Jubilee confirms link to Cambridge Analytica firm in 2017 elections
- Jubilee party confirms that it paid for “branding” in the 2017 presidential election from SCL, affiliate of Cambridge Analytica.
- Jubilee vice-chairman David Murathe said: “They were basically branding and all that but not directly.”
- Cambridge Analytica CEO Alexander Nix was on Tuesday suspended after he emerged on the recordings boasting how his data company also played an expansive role in Donald Trump's 2016 campaign.
Jubilee party has confirmed that during the 2017 election campaigns, the party paid for services from Strategic Communication Laboratories (SCL) — an affiliate of Cambridge Analytica — which is at the centre of an election manipulation scandal involving Facebook.
Jubilee Vice-chairman David Murathe said: “They were basically branding and all that but not directly.” It is the first public comment by a senior official of Kenya’s ruling party on SCL’s involvement in the election.
Cambridge Analytica CEO Alexander Nix was on Tuesday suspended after he emerged on the recordings boasting how his data company also played an expansive role in Donald Trump’s 2016 campaign, doing all of its research, analytics as well as digital and television campaigns.
This comes after a British TV channel aired an undercover expose on Tuesday showing how Cambridge Analytica influenced 200 elections around the world.
The opposition reacted angrily to the reports of Cambridge Analytica’s involvement in the Kenyan elections.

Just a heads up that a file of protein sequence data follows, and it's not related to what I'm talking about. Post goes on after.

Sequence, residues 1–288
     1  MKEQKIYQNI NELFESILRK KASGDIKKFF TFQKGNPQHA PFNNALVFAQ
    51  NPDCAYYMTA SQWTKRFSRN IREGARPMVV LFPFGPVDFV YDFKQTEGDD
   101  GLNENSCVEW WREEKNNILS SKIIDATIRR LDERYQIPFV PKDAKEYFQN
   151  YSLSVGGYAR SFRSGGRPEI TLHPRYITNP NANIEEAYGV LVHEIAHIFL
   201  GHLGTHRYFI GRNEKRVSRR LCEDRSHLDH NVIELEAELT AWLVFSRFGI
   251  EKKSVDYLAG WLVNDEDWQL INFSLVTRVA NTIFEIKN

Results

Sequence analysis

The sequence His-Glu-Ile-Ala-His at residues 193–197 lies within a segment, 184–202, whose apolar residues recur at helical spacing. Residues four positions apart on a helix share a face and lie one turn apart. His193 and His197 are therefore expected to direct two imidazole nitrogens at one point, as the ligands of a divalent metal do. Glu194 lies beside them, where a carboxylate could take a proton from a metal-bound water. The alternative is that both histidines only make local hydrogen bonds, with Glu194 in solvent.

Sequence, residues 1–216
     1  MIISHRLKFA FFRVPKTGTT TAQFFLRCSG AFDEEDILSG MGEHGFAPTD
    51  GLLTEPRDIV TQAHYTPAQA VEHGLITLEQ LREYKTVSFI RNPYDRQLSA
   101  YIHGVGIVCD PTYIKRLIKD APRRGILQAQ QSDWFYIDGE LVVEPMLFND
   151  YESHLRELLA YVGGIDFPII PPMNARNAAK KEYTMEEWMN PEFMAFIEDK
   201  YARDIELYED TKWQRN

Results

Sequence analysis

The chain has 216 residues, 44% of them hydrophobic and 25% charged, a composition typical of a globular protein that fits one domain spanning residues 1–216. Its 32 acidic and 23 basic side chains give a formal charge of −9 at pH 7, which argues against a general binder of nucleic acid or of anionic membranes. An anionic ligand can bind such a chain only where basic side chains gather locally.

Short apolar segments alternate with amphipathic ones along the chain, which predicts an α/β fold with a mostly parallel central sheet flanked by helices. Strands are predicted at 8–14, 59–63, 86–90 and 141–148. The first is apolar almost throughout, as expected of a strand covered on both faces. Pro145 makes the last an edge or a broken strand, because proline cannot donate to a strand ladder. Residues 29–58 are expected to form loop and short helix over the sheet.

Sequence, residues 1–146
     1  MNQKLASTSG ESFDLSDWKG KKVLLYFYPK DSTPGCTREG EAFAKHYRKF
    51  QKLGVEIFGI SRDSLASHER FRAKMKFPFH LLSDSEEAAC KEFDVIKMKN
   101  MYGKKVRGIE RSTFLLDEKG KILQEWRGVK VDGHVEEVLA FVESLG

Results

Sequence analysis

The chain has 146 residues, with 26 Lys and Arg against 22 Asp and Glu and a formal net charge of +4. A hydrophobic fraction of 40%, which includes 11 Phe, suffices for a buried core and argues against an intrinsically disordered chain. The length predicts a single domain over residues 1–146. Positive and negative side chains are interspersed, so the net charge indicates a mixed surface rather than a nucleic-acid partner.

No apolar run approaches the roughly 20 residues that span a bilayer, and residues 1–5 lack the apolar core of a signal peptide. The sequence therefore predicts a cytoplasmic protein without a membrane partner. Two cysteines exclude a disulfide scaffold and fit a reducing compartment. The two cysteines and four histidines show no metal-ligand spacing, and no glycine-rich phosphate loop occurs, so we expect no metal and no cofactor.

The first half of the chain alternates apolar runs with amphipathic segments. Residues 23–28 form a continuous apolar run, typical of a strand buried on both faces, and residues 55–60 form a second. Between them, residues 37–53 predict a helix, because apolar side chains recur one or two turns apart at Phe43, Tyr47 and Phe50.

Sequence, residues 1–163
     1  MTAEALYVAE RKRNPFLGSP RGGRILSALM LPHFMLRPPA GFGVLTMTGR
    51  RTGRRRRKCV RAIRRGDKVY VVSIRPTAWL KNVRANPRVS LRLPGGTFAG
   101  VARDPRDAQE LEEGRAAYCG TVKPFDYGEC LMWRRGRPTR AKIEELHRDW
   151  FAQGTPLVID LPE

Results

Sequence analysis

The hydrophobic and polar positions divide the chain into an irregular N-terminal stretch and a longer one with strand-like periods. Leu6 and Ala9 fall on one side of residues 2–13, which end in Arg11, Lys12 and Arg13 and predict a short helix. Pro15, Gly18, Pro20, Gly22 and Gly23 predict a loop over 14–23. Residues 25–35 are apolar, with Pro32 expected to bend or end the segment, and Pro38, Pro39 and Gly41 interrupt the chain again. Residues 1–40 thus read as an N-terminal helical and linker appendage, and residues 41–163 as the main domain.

“The same propaganda that they used in Trump’s election is what has been used in Kenya. Cambridge Analytica is now becoming an international propagandist,” said Junet Mohamed, a lawmaker for ODM party and its director of elections.
However, Jubilee senator Kipchumba Murkomen denied any influence on the election, saying that social media were of only marginal influence in Kenya despite its reputation as one of Africa’s most tech-savvy nations.
“Those things don’t influence elections in Kenya,” he said. “Kenya is not America. In Kenya, vernacular radio stations are more influential than those things.”
Cambridge Analytica has denied using Facebook data but the scandal has heightened pressure on the social media giant — already under fire for allowing fake news to proliferate on its platform.
Facebook now faces investigations on both sides of the Atlantic, sending its share price tumbling another 2.6 percent after a 6.8 percent plunge on Monday.
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